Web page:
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Tuesday, 12 October 2010

Agent of change (Mahanagar)

You can simply witness 1963's Calcutta from the Mazumdars' perspective or you can regale in the transformation of Arati from the shy housewife to the confident breadwinner who shall not brook injustice. Both ways, the profit is yours. Calcutta is photographed splendidly in Mahanagar. The sights, sounds and scenes shown  in this Satyajit Ray classic will remind you of the city where every people face the daily grind with small dreams and aspirations in their hearts.

It is this Calcutta that fulfils those dreams on one hand, snatches away hopes on the other, only to replenish the ability to weave dreams once more. Its lanes and bylanes have memories of the days gone by. The houses at Kalighat shown in the film remind me of those many dilapidated homes that still exist and still face the same problems day in and day out.
A look at Mahanagar's Calcutta and you know that nothing has changed. Scores of people are still worried sick about how to sustain themselves, husbands and wives break their backs working hard to earn a decent living and in every house there lives a Subrata and an Arati, two individuals who represent Calcutta's populace.
That is why Mahanagar is so real. Ray's characters appear so next-door and hence, so credible. Subrata Mazumdar is one among thousands of young men who have to run a family with his meagre income. Juggling a bank job and private tuitions he is also a man who is not comfortable seeing his wife go out and work. Call it conservative or selfish, perhaps he balks at the idea of his wife coming into her own as an independent individual. Initially circumspect, Subrata agrees to let Arati take up the job of a salesgirl only when the burden on him seems too much. His family, comprising his old father and mother, opposes the decision but can't help it. After all they are old and feeble. Blame the age for the constricted mentality of Subrata's father. A retired teacher, he openly rejects the gifts from his earning daughter-in-law, but then does not think twice before going to his students and bad mouthing his son. And yes, the extreme happens when he demands 'guru dakshina' from almost all of them against his better judgement and self-respect.
Subrata's fear of letting Arati out in the big bad world has no basis. Rather it surfaces out of his own frustration and inactivity. The same man who egged on his wife to share his load soon starts feeling jealous of his wife's success. Her new-found confidence makes him envious and hence suspicious of her whereabouts. The hardworking and simple Subrata starts falling from our eye for his thoughts and actions. And words. I almost feel like smacking him when he rudely retorts to his wife's parting salutation with, "Aaj thotey rong lagabey na? (Won't you colour your lips today)" Which actually means that he now considers Arati's trade a frivolous one and hence hardly respectable. Arati's hard-earned money and financial independance stings him all the time and he is not brave enough to accept that his wife is indeed trying to help him out. At one point you feel like sympathising with this Subrata, but one the other hand you are angry with him for mistrusting Arati. And, mind you it is the superlative subtlety of Anil Chatterjee that extracts such reactions from the audience.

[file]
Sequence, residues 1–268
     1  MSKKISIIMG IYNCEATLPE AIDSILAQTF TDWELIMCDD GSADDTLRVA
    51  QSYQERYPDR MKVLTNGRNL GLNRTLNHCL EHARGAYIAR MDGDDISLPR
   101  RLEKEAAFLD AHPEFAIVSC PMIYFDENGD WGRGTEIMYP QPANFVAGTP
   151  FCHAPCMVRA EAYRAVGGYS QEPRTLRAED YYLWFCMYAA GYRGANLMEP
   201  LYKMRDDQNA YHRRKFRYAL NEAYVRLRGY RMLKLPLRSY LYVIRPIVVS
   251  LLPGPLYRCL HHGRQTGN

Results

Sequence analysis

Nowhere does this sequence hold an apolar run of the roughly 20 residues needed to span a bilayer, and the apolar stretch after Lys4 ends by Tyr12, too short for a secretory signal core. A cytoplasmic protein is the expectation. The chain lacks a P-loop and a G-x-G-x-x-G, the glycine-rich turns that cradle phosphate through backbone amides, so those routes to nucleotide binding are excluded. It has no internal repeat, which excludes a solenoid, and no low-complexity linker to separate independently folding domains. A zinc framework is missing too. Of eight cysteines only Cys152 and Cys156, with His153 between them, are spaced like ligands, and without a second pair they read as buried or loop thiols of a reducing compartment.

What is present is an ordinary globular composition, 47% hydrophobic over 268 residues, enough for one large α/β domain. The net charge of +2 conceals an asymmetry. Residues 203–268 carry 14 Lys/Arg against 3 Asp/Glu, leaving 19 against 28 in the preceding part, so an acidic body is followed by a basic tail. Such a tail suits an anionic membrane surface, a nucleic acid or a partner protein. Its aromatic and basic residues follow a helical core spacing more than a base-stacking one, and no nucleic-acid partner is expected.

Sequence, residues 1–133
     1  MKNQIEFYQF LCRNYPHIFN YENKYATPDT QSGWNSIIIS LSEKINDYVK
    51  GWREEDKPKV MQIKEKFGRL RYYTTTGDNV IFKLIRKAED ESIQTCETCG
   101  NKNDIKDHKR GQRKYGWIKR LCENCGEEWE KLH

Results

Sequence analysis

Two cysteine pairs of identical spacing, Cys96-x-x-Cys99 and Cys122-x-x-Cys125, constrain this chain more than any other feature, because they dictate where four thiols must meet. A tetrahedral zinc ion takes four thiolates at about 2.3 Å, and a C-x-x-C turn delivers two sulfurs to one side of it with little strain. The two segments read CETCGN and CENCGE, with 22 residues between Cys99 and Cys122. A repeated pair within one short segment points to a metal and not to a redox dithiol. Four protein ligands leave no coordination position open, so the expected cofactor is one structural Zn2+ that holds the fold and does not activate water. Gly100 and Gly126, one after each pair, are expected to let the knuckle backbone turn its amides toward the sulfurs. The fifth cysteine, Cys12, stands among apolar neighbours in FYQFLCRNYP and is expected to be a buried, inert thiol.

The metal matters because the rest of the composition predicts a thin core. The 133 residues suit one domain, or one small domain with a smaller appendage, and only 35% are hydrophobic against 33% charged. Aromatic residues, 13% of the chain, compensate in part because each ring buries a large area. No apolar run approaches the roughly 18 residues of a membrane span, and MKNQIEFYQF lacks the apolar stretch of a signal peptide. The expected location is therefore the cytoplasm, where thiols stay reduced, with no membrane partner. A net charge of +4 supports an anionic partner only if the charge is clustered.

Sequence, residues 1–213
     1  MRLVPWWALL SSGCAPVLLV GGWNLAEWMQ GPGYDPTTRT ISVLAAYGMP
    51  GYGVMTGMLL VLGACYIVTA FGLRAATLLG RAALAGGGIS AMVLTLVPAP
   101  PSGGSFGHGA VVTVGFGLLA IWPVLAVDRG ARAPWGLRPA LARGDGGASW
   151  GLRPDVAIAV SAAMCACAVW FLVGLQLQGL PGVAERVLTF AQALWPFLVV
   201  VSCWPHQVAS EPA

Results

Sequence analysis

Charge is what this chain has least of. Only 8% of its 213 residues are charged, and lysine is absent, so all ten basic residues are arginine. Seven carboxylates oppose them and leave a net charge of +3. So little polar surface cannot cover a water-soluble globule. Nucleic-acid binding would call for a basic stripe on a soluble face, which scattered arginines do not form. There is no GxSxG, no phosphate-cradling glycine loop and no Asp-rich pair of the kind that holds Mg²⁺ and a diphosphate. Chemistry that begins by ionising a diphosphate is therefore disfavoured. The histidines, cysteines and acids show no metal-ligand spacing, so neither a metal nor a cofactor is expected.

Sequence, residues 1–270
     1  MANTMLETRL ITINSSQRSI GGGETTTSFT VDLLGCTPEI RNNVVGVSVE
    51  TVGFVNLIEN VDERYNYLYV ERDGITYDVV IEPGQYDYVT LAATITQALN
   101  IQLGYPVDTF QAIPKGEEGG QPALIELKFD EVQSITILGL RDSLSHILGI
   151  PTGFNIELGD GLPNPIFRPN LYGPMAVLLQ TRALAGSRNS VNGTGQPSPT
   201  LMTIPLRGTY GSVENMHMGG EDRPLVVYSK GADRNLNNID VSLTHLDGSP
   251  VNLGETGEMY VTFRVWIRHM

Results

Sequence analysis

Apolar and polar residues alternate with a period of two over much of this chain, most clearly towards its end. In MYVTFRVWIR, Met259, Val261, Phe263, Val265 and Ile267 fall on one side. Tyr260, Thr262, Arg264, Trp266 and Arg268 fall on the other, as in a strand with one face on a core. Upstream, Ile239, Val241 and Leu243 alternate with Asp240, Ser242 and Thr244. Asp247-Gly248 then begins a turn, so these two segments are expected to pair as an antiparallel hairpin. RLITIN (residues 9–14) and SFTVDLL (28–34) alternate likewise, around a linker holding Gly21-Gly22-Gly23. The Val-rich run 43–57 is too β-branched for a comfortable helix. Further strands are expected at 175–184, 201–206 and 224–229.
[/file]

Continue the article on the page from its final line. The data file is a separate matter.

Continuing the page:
A stark contrast to Subrata is Himangshu Mukherjee, Arati's boss. He is a cut-throat businessman who is eager to laud hardworking employees. And he does that amply when Arati excels in her job. But, this astute character (Haradhan Banerjee absolutely gets into his skin) loses no time to brush away shirkers and insolent workers. He wants work and anyone who does not give him that will be forced to leave. He does that with Edith Simmons (Vicky Redwood) and incurs the wrath of Arati, who has established a close bond with Edith. Reasoning with Arati that taking Edith's side will not be advantageous for her, he is stunned when Arati hands over her resignation.
The scene where Subrata comes to meet Mukherjee reeks of the fallen state of Subrata. He is here to just fish for opportunities. And just before this he was telling his wife to quit her job. Can a man really fall this low? And, the scene also projects the pragmatism of Mukherjee. This man can read between the lines and doesn't mince words when it comes to money...